Friday, September 19, 2008

City's Image Will Be The Big F1 Winner

Source : The Straits Times, Sep 19, 2008

But don't expect night race to immediately boost the economy, caution experts

OVER the next week or so, the hype over the world's first Formula One night race will build to a crescendo, but what, exactly does the event do for Singapore?

Plenty, say the experts.

But, they caution, those who are expecting the tills to ring or for the slowing economy to get a jab in the arm are setting themselves up for disappointment.

View of the F1 race circuit from the 65th level of Swissotel The Stamford. The iconic race will put the Republic in the global spotlight and boost its efforts to be Asia's events hub. -- PHOTO: TERENCE TAN

The Singapore F1 race costs about $150 million to put together, and is expected to attract 40,000 tourists, generate $100 million and attract a global TV audience of 500 million.

But, as CIMB-GK economist Song Seng Wun put it, 'a weekend of some fancy pharmaceutical output from Tuas may have a bigger impact on economic growth than an F1 weekend'.

'I doubt a weekend of 'happening' beautiful people in Zouk, St James or 100 per cent hotel occupancy will do anything more than contribute, at best, two decimal places to Singapore GDP (gross domestic product) growth this year.'

He is not alone.

Several economists and analysts are not too optimistic over F1's immediate value to the Singapore economy.

Standard Chartered Bank economist Alvin Liew feels the initial estimates are likely to be pared lower now, due to the 'depressing' global economic outlook.

HSBC economist Robert Prior-Wandesforde added: 'The macroeconomic impact is generally much smaller than most people expect.'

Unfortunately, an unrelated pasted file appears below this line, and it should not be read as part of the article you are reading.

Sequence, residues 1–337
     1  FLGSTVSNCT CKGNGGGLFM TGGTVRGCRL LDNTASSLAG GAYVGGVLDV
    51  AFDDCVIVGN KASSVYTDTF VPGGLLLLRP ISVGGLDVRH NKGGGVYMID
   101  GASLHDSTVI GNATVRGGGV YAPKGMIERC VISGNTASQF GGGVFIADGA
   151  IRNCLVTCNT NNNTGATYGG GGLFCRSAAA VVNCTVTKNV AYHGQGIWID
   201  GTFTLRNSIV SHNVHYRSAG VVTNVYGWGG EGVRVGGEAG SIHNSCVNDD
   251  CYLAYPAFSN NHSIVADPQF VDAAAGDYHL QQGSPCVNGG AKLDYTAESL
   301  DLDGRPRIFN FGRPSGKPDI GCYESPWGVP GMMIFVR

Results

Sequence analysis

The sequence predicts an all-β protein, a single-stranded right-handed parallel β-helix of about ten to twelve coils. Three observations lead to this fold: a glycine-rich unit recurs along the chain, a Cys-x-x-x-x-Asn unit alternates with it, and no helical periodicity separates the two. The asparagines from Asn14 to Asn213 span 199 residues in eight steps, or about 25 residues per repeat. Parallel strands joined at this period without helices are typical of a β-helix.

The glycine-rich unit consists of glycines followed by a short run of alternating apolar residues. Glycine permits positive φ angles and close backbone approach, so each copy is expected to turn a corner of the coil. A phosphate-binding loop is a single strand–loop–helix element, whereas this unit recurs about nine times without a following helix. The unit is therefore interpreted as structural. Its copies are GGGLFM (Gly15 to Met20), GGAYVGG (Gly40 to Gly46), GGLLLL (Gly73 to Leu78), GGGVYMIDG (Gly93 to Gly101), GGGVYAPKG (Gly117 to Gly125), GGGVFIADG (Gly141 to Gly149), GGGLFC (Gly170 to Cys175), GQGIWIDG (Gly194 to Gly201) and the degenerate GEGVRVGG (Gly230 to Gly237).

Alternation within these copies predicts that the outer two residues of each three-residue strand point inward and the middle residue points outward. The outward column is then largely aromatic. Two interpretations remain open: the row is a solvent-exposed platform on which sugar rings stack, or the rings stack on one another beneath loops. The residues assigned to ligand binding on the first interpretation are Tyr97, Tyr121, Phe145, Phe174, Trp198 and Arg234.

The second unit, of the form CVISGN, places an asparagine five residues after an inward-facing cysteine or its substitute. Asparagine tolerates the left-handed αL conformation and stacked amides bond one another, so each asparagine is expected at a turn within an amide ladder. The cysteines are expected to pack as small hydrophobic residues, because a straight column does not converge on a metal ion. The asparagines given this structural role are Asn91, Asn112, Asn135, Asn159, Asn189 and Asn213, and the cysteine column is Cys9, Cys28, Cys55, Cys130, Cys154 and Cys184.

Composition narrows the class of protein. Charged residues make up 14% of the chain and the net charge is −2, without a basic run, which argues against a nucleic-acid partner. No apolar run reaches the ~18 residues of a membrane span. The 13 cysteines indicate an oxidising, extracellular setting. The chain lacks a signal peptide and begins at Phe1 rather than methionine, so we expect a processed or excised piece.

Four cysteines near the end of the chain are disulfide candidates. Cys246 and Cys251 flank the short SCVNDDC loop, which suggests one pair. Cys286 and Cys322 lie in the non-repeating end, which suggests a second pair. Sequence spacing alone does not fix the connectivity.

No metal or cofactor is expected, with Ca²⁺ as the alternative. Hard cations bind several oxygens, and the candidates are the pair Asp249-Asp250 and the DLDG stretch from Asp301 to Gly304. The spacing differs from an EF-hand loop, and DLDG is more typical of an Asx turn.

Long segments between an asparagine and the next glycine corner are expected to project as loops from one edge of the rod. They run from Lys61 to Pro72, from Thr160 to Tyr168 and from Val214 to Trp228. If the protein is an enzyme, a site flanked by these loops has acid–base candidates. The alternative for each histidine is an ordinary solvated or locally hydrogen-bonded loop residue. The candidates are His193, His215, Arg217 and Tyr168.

They are to quick to add, however, that though the dollars and cents impact of F1 is limited, its intangible benefits are priceless. Just as last month's Beijing Olympics was hailed as China's coming-out party, media consultants and industry experts say F1 will boost Singapore's image as Asia's world-class events capital.

'This race should be the catalyst in changing Singapore's efficient but dull image, in a grander and more appealing way than lifting the ban on bar-top dancing did,' said Ms Goh Shu Fen, principal of advertising industry consulting firm R3.

Added Singapore Tourism Board (STB) communications director Muhamad Rostam Umar: 'This iconic event will help to put us firmly in the global spotlight...the buzz will boost Singapore's efforts to be the entertainment and events capital of Asia.'

Media experts estimate the public relations value of the F1 race to Singapore, including the two to three hours of live TV air-time, could be worth as much as US$300 million (S$430 million).

Having the country squarely in the media spotlight will add a whole lot more.

The race coverage will 'place the city in the consciousness of millions of international TV viewers', explained media consultant Pieter Aquilia.

She added: 'Footage will be featured on news and sports programmes and Singapore will be seen by, heard of, and read about by an even larger audience.'

This will help to draw in more tourists, conferences, and sporting and business activities in the long haul, analysts note.